To provide contrast, or just because he could, Dylan asked Elvis Costello along on his current tour. Now here’s an example of growing old gracefully: At 53, Costello still displays the fiery passion of his early years, and his solo set showed that he’s not only his generation’s most versatile songwriter, but one of its best singers, too, evidenced by both his way-underutilized falsetto on “Either Side of the Same Town” and the triumphant closing fanfare of “Veronica.” He told stories, waxed political, quoted the Who and Lennon and Def Leppard, and fucked up the chords to “Oliver’s Army,” all with trademark showmanship and vigor.

Is it too late to trade in Dylan’s entire set for another 40 minutes of Elvis?


—John Brodeur

Hot and Bothered

Bob Dylan and His Band, Elvis Costello

Times Union Center, Oct. 6

“Don’t expect anything of Bob Dylan, he has done enough!” wrote an indignant fan in the comments section of a local newspaper’s Web site recently, defending the artist from a review that was a bit one-sided in its trashing of Dylan’s recent show at the Times Union Center. The fan’s comment was overly defensive, sure, but held a grain of truth: To seek enjoyment from Dylan’s present work, rather than from his Newport Folk Festival-flouting distant past, you have to let go of your expectations.

If you lionize the guy for his history as an artist who defies expectations and always follows his own path, than maybe you should accept certain things. Such as his right to show up onstage in a mariachi outfit, barking out lyrics in an even gruffer voice than usual, while leading a purple-suited band through nearly unrecognizable versions of classic songs like “Simple Twist of Fate” and “Highway 61 Revisited.” Personally, I’m OK with all that. From where I sat, the crowd was fairly indulgent too, for a time, cheering whenever Dylan got anywhere near a familiar musical phrase. (A friend of mine, seated in a different section of the arena, afterward relayed a story about a concertgoer who was so enthusiastic, yet so alarmingly oblivious, that she yelled out “That Dylan sure can sing!” during Elvis Costello’s opening set.)

Other facets of the show that bothered people, such as Dylan’s near-total lack of interaction with the audience, weren’t a deal-breaker for me. Positioned sideways to the stage in front of his keyboard for much of the time, he acknowledged the crowd only once, with a scant “Thank you” late in the set. Hell, he barely even looked up from his keyboard. That’s fine, I’m sure it wasn’t personal. And the song choices, heavy on more recent material, were OK too, as the mature wisdom and rollicking roadhouse vibe of his last three albums have their own charms.

But, that said, there was little actual enjoyment to be found during this show. The arena setting didn’t help. To relieve boredom, I kept trying to imagine the same show in a roadhouse somewhere, where you wander in off the highway and stumble upon Dylan and his crack band jamming out to this unheard version of “Don’t Think Twice, It’s Alright.” Now that would be a surreal and mind-blowing experience. Instead, we were left to sweat in an unbearably hot arena, which had no air conditioning despite the unseasonably hot and humid weather, while the crowd grew increasingly squirrelly and restless, some walking out early.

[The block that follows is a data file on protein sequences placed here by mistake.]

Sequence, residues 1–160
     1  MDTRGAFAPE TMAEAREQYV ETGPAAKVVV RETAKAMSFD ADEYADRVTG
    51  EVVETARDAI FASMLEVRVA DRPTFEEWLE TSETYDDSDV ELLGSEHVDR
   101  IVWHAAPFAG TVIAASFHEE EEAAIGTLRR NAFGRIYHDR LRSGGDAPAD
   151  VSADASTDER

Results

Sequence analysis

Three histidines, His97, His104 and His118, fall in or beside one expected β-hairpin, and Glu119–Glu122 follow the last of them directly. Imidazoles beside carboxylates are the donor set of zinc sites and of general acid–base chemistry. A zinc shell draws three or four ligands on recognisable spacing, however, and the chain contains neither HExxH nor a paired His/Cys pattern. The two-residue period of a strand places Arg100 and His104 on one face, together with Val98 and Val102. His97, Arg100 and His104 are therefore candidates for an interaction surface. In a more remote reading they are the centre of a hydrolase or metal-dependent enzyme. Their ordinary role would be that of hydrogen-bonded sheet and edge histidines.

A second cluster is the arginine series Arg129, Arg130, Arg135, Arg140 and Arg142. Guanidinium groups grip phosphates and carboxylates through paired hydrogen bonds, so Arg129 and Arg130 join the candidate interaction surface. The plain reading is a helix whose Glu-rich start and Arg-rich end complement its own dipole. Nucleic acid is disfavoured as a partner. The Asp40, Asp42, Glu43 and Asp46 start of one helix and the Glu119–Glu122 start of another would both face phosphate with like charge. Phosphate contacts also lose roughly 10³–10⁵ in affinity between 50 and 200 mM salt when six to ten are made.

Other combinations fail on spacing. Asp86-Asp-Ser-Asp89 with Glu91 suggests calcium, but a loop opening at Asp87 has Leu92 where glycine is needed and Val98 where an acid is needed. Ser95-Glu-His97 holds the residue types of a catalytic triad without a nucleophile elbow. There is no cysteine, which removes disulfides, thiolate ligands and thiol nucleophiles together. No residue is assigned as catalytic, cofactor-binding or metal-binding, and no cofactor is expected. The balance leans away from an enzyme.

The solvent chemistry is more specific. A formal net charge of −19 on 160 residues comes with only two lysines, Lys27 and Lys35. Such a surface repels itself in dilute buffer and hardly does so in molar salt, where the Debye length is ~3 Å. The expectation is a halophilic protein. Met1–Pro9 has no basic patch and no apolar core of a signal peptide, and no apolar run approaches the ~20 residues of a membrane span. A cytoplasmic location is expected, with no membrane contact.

And with no concessions made by Dylan and company to make the arena conditions more tolerable—such as screen monitors for those in the back to get a closer glimpse of the action—watching Dylan and his band jam out strictly to their own tune onstage, without feeding off or acknowledging the crowd at all, started to feel strangely like an off-putting, voyeuristic exercise. Nothing is more rousing these days than an acerbic antiwar song, and when you find yourself straining to hope that “Masters of War”—perhaps the best antiwar song ever written—will be more electrifying than it is, that’s not good.

—Kirsten Ferguson

I Was There

Bob Dylan and His Band, Elvis Costello

Times Union Center, Oct. 6

Bob Dylan has built a catalogue of lyrics that stand as rock music’s greatest contribution to literature, but his uncanniest achievement has always been his relentless self-invention (the forthcoming movie I’m Not There seems to be a long overdue meditation on this aspect of Dylanology). For the last 15 years or so, Dylan has become the grizzled bluesman he’s seemingly always wanted to be, the folkie in blue jeans just another legend lost to time. Ambling on stage, Stratocaster in hand, leading his fedora-topped gang of desperados into a jaunt through “Leopard-Skin Pill-Box Hat,” Dylan seemed right at home, his fingers shaking out little blues licks to join the bent notes of steel guitarist Donnie Herron and lead player Denny Freeman. Dylan stayed out front for a textbook rendition of “Don’t Think Twice, It’s All Right” and a jammy “Watching the River Flow” before retreating to his electric keyboard for the remainder of the concert.